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Title: Novel time-dependent vascular actions of {delta}{sup 9}-tetrahydrocannabinol mediated by peroxisome proliferator-activated receptor gamma

Abstract

Cannabinoids have widespread effects on the cardiovascular system, only some of which are mediated via G-protein-coupled cell surface receptors. The active ingredient of cannabis, {delta}{sup 9}-tetrahydrocannabinol (THC), causes acute vasorelaxation in various arteries. Here we show for the first time that THC also causes slowly developing vasorelaxation through activation of peroxisome proliferator-activated receptors gamma (PPAR{gamma}). In vitro, THC (10 {mu}M) caused time-dependent vasorelaxation of rat isolated arteries. Time-dependent vasorelaxation to THC was similar to that produced by the PPAR{gamma} agonist rosiglitazone and was inhibited by the PPAR{gamma} antagonist GW9662 (1 {mu}M), but not the cannabinoid CB{sub 1} receptor antagonist AM251 (1 {mu}M). Time-dependent vasorelaxation to THC requires an intact endothelium, nitric oxide, production of hydrogen peroxide, and de novo protein synthesis. In transactivation assays in cultured HEK293 cells, THC-activated PPAR{gamma}, transiently expressed in combination with retinoid X receptor {alpha} and a luciferase reporter gene, in a concentration-dependent manner (100 nM-10 {mu}M). In vitro incubation with THC (1 or 10 {mu}M, 8 days) stimulated adipocyte differentiation in cultured 3T3L1 cells, a well-accepted property of PPAR{gamma} ligands. The present results provide strong evidence that THC is a PPAR{gamma} ligand, stimulation of which causes time-dependent vasorelaxation, implying some of the pleiotropic effects ofmore » cannabis may be mediated by nuclear receptors.« less

Authors:
 [1];  [2];  [2];  [2];  [2]
  1. School of Biomedical Sciences, E Floor, Queen's Medical Centre, University of Nottingham, Nottingham NG7 2UH (United Kingdom). E-mail: Saoirse.o'sullivan@nottingham.ac.uk
  2. School of Biomedical Sciences, E Floor, Queen's Medical Centre, University of Nottingham, Nottingham NG7 2UH (United Kingdom)
Publication Date:
OSTI Identifier:
20713453
Resource Type:
Journal Article
Resource Relation:
Journal Name: Biochemical and Biophysical Research Communications; Journal Volume: 337; Journal Issue: 3; Other Information: DOI: 10.1016/j.bbrc.2005.09.121; PII: S0006-291X(05)02135-2; Copyright (c) 2005 Elsevier Science B.V., Amsterdam, The Netherlands, All rights reserved; Country of input: International Atomic Energy Agency (IAEA)
Country of Publication:
United States
Language:
English
Subject:
60 APPLIED LIFE SCIENCES; AORTA; ENDOTHELIUM; GENES; GTP-ASES; IN VITRO; INCUBATION; LIGANDS; LUCIFERASE; NITRIC OXIDE; RATS; RECEPTORS; STIMULATION; SUPEROXIDE DISMUTASE; SYNTHESIS; TIME DEPENDENCE

Citation Formats

O'Sullivan, Saoirse E., Tarling, Elizabeth J., Bennett, Andrew J., Kendall, David A., and Randall, Michael D.. Novel time-dependent vascular actions of {delta}{sup 9}-tetrahydrocannabinol mediated by peroxisome proliferator-activated receptor gamma. United States: N. p., 2005. Web. doi:10.1016/j.bbrc.2005.09.121.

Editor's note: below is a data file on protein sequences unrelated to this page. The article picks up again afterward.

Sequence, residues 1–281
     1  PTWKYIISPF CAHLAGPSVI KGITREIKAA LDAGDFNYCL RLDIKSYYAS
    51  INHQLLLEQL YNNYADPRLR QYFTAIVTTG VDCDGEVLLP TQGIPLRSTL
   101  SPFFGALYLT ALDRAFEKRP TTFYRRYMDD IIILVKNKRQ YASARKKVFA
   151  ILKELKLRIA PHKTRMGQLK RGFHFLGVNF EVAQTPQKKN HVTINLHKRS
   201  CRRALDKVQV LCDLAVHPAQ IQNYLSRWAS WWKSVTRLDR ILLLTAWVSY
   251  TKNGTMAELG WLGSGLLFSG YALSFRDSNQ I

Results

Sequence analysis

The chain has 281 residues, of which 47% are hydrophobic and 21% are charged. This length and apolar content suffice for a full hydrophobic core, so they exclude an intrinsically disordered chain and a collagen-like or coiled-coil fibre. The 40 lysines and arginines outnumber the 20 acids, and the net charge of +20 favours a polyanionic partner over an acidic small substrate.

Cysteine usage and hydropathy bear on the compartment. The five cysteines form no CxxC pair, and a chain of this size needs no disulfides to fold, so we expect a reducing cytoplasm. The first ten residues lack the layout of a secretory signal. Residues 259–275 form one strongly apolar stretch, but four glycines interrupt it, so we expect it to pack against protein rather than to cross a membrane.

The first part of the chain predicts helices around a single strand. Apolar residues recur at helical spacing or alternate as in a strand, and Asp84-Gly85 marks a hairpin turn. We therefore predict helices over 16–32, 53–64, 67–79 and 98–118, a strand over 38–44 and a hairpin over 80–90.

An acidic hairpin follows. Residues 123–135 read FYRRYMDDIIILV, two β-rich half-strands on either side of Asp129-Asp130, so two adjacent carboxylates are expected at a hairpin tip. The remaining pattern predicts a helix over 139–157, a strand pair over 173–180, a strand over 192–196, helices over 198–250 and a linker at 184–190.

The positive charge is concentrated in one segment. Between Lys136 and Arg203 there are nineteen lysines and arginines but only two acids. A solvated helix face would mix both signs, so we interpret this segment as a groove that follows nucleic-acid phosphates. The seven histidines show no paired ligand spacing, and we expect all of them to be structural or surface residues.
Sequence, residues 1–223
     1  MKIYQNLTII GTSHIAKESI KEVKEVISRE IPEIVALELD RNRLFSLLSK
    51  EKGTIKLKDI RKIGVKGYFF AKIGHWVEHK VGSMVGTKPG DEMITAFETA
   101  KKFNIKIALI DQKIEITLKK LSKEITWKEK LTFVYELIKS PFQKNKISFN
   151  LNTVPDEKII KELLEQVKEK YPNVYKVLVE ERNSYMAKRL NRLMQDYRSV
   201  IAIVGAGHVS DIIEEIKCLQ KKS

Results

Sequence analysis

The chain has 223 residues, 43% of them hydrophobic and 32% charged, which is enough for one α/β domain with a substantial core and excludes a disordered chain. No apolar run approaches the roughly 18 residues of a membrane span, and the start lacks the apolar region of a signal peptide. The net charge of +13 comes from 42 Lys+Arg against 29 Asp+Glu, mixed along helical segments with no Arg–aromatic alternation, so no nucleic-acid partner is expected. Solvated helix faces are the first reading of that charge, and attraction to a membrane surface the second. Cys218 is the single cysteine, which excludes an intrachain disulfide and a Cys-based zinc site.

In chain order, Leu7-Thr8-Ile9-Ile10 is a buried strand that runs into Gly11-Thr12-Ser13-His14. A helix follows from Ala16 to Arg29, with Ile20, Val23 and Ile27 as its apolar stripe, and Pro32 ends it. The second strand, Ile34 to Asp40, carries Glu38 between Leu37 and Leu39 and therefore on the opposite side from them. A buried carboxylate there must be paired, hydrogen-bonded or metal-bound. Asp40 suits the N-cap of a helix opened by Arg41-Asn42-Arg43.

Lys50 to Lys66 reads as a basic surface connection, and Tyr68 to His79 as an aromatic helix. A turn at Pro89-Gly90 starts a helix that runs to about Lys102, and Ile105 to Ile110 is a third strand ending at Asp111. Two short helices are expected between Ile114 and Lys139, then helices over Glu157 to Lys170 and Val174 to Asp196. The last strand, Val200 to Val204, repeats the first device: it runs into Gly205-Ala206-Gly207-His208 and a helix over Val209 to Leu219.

O'Sullivan, Saoirse E., Tarling, Elizabeth J., Bennett, Andrew J., Kendall, David A., & Randall, Michael D.. Novel time-dependent vascular actions of {delta}{sup 9}-tetrahydrocannabinol mediated by peroxisome proliferator-activated receptor gamma. United States. doi:10.1016/j.bbrc.2005.09.121.
O'Sullivan, Saoirse E., Tarling, Elizabeth J., Bennett, Andrew J., Kendall, David A., and Randall, Michael D.. Fri . "Novel time-dependent vascular actions of {delta}{sup 9}-tetrahydrocannabinol mediated by peroxisome proliferator-activated receptor gamma". United States. doi:10.1016/j.bbrc.2005.09.121.
@article{osti_20713453,
title = {Novel time-dependent vascular actions of {delta}{sup 9}-tetrahydrocannabinol mediated by peroxisome proliferator-activated receptor gamma},
author = {O'Sullivan, Saoirse E. and Tarling, Elizabeth J. and Bennett, Andrew J. and Kendall, David A. and Randall, Michael D.},
abstractNote = {Cannabinoids have widespread effects on the cardiovascular system, only some of which are mediated via G-protein-coupled cell surface receptors. The active ingredient of cannabis, {delta}{sup 9}-tetrahydrocannabinol (THC), causes acute vasorelaxation in various arteries. Here we show for the first time that THC also causes slowly developing vasorelaxation through activation of peroxisome proliferator-activated receptors gamma (PPAR{gamma}). In vitro, THC (10 {mu}M) caused time-dependent vasorelaxation of rat isolated arteries. Time-dependent vasorelaxation to THC was similar to that produced by the PPAR{gamma} agonist rosiglitazone and was inhibited by the PPAR{gamma} antagonist GW9662 (1 {mu}M), but not the cannabinoid CB{sub 1} receptor antagonist AM251 (1 {mu}M). Time-dependent vasorelaxation to THC requires an intact endothelium, nitric oxide, production of hydrogen peroxide, and de novo protein synthesis. In transactivation assays in cultured HEK293 cells, THC-activated PPAR{gamma}, transiently expressed in combination with retinoid X receptor {alpha} and a luciferase reporter gene, in a concentration-dependent manner (100 nM-10 {mu}M). In vitro incubation with THC (1 or 10 {mu}M, 8 days) stimulated adipocyte differentiation in cultured 3T3L1 cells, a well-accepted property of PPAR{gamma} ligands. The present results provide strong evidence that THC is a PPAR{gamma} ligand, stimulation of which causes time-dependent vasorelaxation, implying some of the pleiotropic effects of cannabis may be mediated by nuclear receptors.},